The Asian American Bar Association of New York (AABANY) urges the United States Congress to reinstate the enforcement provisions of the Voting Rights Act, Section 4, that were invalidated this past Tuesday, June 25, 2013 by the United States Supreme Court in Shelby County, Alabama v. Holder.
Shelby eliminates the preclearance requirement for certain states or areas in which discrimination had historically been found to exist. Preclearance required covered states and jurisdictions to submit all changes affecting voting and elections for preapproval by the U.S. Department of Justice. The decision in Shelby will likely lead to legal sanctioning of efforts to undermine voting rights.
This ruling hits home. Certain New York counties including New York, Kings and the Bronx were areas for which preclearance had been required, based on a prior history of voter discrimination. The Shelby ruling clears the way for the reinstatement of discriminatory practices, such as efforts to restrict access to voting sites or attempts to gerrymander voting districts to dilute the voting power of Asian Americans in New York’s Chinatown or African Americans in Harlem. The profound impact of such practices on the voting rights and electoral aspirations of the affected minority voters in those areas cannot be overstated.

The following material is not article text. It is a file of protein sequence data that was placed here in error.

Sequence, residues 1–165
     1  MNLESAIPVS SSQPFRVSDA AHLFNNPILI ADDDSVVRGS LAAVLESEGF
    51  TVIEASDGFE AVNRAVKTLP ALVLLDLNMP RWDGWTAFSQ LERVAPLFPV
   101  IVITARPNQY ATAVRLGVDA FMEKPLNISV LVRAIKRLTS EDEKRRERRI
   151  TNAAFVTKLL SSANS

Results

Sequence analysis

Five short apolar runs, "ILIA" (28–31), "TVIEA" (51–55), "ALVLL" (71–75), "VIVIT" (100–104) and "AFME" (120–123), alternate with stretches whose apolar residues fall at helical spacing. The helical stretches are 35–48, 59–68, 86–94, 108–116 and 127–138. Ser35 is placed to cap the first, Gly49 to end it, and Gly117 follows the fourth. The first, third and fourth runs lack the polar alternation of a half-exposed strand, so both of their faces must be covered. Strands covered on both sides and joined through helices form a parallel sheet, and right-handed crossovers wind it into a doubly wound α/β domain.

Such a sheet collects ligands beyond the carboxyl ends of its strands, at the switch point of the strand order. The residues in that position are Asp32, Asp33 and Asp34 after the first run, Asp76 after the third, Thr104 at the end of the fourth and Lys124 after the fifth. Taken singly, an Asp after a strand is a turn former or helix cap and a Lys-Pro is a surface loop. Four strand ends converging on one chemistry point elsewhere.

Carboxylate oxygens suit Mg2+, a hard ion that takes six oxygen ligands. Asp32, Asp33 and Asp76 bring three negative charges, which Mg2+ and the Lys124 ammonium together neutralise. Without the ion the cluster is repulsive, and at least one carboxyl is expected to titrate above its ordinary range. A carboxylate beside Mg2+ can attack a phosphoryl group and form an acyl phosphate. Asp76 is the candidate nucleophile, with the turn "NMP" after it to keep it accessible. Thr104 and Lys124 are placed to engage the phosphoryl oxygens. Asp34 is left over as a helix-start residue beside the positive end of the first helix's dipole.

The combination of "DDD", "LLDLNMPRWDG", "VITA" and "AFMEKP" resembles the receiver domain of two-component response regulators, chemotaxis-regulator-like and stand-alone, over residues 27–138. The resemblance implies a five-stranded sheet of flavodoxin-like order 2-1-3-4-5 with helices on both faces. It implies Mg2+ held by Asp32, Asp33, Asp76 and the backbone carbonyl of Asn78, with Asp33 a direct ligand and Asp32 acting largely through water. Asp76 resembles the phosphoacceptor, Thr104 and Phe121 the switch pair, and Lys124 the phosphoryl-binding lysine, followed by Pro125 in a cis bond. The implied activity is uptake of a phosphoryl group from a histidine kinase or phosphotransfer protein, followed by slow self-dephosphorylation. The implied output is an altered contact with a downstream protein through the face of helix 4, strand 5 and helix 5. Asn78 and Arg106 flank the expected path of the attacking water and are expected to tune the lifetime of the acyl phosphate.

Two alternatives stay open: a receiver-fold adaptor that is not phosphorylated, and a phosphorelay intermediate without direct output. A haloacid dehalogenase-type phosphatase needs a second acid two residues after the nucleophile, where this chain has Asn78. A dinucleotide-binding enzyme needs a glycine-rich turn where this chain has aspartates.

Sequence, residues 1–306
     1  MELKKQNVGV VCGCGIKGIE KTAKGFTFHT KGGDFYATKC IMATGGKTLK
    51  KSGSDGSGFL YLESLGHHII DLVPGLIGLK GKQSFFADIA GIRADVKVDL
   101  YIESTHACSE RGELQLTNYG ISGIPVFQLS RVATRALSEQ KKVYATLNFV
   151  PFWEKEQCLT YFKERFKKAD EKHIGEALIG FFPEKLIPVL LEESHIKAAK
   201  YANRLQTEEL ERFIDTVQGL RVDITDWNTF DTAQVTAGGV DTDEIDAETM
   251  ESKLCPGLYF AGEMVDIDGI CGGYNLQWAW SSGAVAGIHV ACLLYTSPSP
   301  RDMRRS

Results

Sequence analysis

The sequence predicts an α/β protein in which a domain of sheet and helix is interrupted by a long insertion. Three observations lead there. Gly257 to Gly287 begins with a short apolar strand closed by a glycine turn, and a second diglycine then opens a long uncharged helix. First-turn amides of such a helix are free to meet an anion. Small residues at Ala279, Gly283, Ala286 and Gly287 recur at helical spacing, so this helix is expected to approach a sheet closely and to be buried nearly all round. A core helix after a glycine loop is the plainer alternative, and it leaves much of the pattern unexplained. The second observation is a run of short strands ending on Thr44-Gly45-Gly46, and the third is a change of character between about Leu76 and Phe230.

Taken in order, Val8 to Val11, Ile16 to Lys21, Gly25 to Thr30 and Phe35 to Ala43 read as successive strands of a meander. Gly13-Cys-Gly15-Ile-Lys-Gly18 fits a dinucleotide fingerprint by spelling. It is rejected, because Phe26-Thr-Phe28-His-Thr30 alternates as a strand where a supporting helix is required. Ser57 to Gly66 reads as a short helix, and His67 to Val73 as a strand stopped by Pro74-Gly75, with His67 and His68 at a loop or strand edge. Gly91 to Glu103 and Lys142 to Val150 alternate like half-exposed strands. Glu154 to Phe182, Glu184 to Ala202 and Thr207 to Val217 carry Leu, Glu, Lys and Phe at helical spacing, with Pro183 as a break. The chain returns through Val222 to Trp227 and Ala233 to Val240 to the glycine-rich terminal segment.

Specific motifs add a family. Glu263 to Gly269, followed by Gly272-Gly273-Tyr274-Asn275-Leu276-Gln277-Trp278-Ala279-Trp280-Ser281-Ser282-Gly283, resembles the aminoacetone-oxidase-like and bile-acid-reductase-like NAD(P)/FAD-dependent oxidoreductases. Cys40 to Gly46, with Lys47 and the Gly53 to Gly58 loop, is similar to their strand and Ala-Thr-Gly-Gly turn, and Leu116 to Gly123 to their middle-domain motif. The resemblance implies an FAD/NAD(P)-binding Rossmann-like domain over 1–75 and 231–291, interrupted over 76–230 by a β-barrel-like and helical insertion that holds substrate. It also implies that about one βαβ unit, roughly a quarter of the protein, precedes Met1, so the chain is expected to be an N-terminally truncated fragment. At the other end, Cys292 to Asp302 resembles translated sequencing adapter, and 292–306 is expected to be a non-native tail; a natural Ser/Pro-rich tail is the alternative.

The record the Supreme Court considered contains ample evidence that voting rights discrimination is alive and well in 2013 as it was in 1964. Justice Ginsburg’s dissenting opinion chronicles that evidence.
The unfettered right to vote is a precondition of representative democracy. Retrenchment on that right undermines many other rights such as the right to free speech. Until Shelby, the necessity of a strong Voting Rights Act was universally recognized.
Congress must act and exercise its power to provide the checks and balances that our Constitution established when the Founders formed our union to ensure a balanced government. Voting rights are under attack and we urge Congress and the Administration to take prompt action to defend this most fundamental civil right.
AABANY was formed in 1989 as a not-for-profit corporation to represent the interests of New York Asian American attorneys, judges, law professors, legal professionals, paralegals and law students. The mission of AABANY is to improve the study and practice of law, and the fair administration of justice for all by ensuring the meaningful participation of Asian Americans in the legal profession.